Wisconsin’s Republican governor Scott Walker has said his party is at risk of a Democratic wave of wins later this year after a liberal claimed victory in the state’s Supreme Court race.
Rebecca Dallet trounced conservative Michael Screnock in the election for a 10-year term on Wisconsin’s high court, putting more wind in Democrats’ sails ahead of the midterm elections in November.
Donald Trump won Wisconsin by one percentage point in the 2016 presidential election. Ms Dallet, 48, a Milwaukee County circuit judge since 2008 and a former prosecutor, won by double digits. She will replace outgoing conservative Justice Michael Gableman, narrowing the court’s 5-2 conservative majority to 4-3.
Mr Walker, who is up for re-election in November, said the results show Republicans “are at risk of a #BlueWave”.
“Big government special interests flooded Wisconsin with distorted facts & misinformation. Next, they’ll target me and work to undo our bold reforms,” he tweeted. “The Far Left is driven by anger & hatred — we must counter it with optimism & organisation. Let’s share our positive story with voters & win in November.”
The results of this week’s election, as well as a Democratic victory earlier this year in one of Wisconsin’s Republican-leaning districts, indicate that Mr Walker’s party will have to fight hard to maintain its hold on the state.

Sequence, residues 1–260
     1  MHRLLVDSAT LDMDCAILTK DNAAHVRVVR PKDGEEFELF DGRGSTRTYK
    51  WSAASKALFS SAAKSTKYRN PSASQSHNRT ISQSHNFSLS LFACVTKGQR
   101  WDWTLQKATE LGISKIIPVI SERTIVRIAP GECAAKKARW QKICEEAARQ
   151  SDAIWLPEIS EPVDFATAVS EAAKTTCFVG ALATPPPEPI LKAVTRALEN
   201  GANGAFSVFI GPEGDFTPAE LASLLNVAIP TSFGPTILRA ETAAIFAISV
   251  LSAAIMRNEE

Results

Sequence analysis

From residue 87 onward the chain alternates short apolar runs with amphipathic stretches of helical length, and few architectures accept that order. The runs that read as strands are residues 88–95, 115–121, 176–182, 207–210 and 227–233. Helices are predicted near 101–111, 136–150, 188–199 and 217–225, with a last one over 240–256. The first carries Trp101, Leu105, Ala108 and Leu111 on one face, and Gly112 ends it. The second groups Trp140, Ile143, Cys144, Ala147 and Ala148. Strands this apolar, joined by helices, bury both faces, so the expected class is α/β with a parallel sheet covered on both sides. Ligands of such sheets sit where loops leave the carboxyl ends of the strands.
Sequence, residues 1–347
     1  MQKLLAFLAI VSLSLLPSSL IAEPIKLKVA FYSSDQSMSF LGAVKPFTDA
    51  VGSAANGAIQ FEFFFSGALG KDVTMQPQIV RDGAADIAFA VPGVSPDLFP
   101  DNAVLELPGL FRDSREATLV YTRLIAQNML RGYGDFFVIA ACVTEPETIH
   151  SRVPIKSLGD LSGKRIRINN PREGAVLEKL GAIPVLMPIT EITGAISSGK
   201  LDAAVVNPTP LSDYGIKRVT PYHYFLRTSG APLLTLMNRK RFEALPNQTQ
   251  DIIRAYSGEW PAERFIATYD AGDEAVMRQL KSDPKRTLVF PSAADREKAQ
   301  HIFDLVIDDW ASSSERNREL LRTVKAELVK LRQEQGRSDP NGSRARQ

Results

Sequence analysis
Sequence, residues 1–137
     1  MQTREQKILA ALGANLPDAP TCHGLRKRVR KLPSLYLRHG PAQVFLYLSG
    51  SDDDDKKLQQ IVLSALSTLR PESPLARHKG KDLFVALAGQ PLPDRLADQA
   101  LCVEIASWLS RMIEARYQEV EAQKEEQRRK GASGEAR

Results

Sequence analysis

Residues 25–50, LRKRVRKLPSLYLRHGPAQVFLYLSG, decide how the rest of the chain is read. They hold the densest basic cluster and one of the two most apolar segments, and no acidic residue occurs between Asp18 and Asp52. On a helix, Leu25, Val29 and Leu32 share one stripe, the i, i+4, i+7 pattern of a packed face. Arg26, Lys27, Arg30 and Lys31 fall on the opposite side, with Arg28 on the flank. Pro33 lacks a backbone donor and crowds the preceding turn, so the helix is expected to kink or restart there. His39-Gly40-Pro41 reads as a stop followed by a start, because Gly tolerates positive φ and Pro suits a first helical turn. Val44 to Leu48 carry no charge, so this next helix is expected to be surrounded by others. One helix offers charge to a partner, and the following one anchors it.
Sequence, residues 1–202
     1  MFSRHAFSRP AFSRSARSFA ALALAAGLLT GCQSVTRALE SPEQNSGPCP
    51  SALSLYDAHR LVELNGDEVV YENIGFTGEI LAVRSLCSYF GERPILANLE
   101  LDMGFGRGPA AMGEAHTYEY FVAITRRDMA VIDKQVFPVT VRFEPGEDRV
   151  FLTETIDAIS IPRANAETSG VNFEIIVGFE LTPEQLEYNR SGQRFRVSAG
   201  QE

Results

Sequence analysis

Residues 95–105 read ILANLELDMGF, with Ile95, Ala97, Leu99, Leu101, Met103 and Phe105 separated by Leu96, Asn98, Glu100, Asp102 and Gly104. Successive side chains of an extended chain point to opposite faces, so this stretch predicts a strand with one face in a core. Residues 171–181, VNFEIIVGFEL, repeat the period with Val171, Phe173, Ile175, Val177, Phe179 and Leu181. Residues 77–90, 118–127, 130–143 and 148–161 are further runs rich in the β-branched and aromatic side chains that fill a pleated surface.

While Wisconsin’s Supreme Court seats are non-partisan, candidates for a long time have sent hints about their political leanings.
This year’s race was overtly partisan, with an advertisement for Ms Dallet featuring grainy black and white footage of Donald Trump, Wisconsin Public Radio reported. The advert warned voters that their values were under attack.
Those that endorsed her included former Democratic Vice President Joe Biden and New Jersey Democratic Senator Cory Booker.
Meanwhile, Mr Screnock, 48, received $300,000 from the Republican Party of Wisconsin. That is the most a political party has ever spent on a Supreme Court candidate in the state’s history, NPR said.
Ms Dallet said her victory was a rejection of the influence special interests have on Wisconsin’s Supreme Court.
“The candidate with the most experience in our courts and standing up for the fairness of our courts won,” she said, according to NBC News. “I think people are tired of what’s been going on in our state in terms of the money coming in to buy these elections and people spoke out tonight.”
But Mr Screnock said the race had “tremendous outside influence from liberal special interest groups that were willing to say and spend anything to elect their preferred candidate to the bench.”